25 May 2020: Write a brief summary in your research journal which considers and consolidates your own photographic practice in the context of the following Informing Contexts Learning Outcomes:
Technical and Visual Skills: Demonstrate an awareness of a range of photographic and image-making processes, and display accomplishment of photographic skills relevant to your practice specialism.
The technical skills used in creating memento vivere- the use of high angle single light which creates chiaroscuro- are quite different than my previous work. I studied the paintings of Dutch Masters to decode the lighting and the arrangement of the objects in still life. I then checked my attempts against the work of contemporary photographers who create work of a similar genre, such as Paulette Tavormina. As the images in my series progress, my technique improves, and the results are more subtle; I believe that my project demonstrates accomplishment of my original goals: To create painter-like still-life images inspired by the work of the Dutch Masters.
Visual Communication and Decision-Making: Exercise discernment in the making, resolution and presentation of practical work, and an ability to communicate ideas through creative visual strategies.
Making and resolution of practical work: I had a style in mind when I created this work: I wanted a painterly appearance with interesting and balanced compositions. I employed the classic triangular composition technique, which had often been used during the 1600s. I also styled the scenes—meaning having an awareness of shapes, colors and symbols. The creative visual strategies I am presenting this work in two ways: One is a zine-type publication, and the second is a PDF of the images place on the same format. I considered options for this, for example, I could have created a rotating gallery in my portfolio, but the work is big, and I would like more space around the images. Another option would be using an alternative process to print, like gum bichromate. This would be pretty, but the process flattens the appearance of the image, which, at this time, I do not desire.
Critical Contextualisation of Practice: Apply a critical awareness of the diversity of contemporary photographic practice to the development of your own work, and inform your practice through historical, philosophical, ethical, and economic contextualization.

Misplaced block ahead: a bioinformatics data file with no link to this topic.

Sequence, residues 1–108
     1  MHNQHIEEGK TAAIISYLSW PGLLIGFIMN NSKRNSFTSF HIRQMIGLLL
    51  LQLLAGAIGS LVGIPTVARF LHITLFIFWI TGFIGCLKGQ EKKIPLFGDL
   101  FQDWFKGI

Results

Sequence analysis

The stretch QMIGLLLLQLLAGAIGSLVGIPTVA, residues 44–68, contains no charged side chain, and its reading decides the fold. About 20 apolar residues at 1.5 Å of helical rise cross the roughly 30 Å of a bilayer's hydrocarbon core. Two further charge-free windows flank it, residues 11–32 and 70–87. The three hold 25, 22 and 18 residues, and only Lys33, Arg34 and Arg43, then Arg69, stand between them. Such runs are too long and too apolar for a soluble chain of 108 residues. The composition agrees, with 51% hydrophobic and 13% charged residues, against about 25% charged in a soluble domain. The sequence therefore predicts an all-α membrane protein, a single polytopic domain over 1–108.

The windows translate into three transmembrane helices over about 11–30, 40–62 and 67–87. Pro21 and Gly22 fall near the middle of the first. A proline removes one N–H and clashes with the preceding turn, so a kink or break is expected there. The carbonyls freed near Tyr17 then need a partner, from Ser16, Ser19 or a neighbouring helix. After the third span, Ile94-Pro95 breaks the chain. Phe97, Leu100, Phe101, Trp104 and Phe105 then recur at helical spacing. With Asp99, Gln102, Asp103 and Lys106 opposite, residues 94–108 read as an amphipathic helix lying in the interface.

Contemporary photographic practice: The creation of “painterly” photographic images has become popular: how-to courses are available in the self-learning platform CreativeLive, on YouTube, and through purchase with commercial artists such as Gemmy Woud-Bennedijk. However, it’s interesting to note that this niche does not appear among the winning work in contemporary photo contests. I researched modern and historic art to inform my own work. I desired the lighting and composition perfection demonstrated by 15th and 16th century painters, such as Juan Cortez Cotan and Jan Davidsz de Heem. Ethical context: While creating my project with my chickens and duck friends, I considered the rights of these animals. I wondered if they felt stressed or uncomfortable being thrust in the house as props. And why humans love cute animals—the fluffy, fuzzy, or furry- Yet humans often eat the same animals that they adore. The second set of images in my project explores the ethical principles of beneficence vs maleficence.
Professional Location of Practice: Establish an understanding of the range of professional contexts for the dissemination and consumption of contemporary photographic practice and identify opportunities to engage with audiences and markets.
My work could be commercialized in three different ways: These images could be reproduced on greeting cards and sold online or in local shops. These images could be reproduced in a small photobook and self-published through Amazon or could be displayed in a gallery show. Niche magazines, such as Farm Life or Mother Earth may also be interested in publishing.
Critical Analysis: Make personal observations and form critical opinions to analyze and appraise your own work, as well as the work of your peers and other practitioners.
Critical analysis of my work: I produced a series of images which strongly relate to each other: Similar single-source lighting, theme, and construct. There was some risk of becoming repetitive, but I think that the series supports the twelve images. What I think works about the images is the saturated colors and deep shadows cause by the single light and low shutter speed. These images are visually appealing. While my intention was to create versions of the Memento mori paintings (which remind people of the fragility of life) which could remind people that life is now. The live animals were meant to convey vitality, however, as they were frozen in the image via camera shutter, the animals seemed no different than taxidermy.
What I could improve: This body of work seems a bit repetitive- same camera angle, same color tones. Taking some closer shots and images from low or hang angles would add spark.
Written and Oral Communication Skills: Articulate ideas in a range of formats and contexts and be able to communicate with different audiences.
This course is set up in such a way that, within a term, students can articulate ideas through remote video meetings, observations written in the CRJ, posts and projects. What I would like to improve upon is my ability to articulate what I am doing and why earlier in the project cycle. While I can now articulate better my most recent project, I developed in via gut feeling and then had to bumble through the why. I think that I can improve by thinking about the “why” of my next project earlier.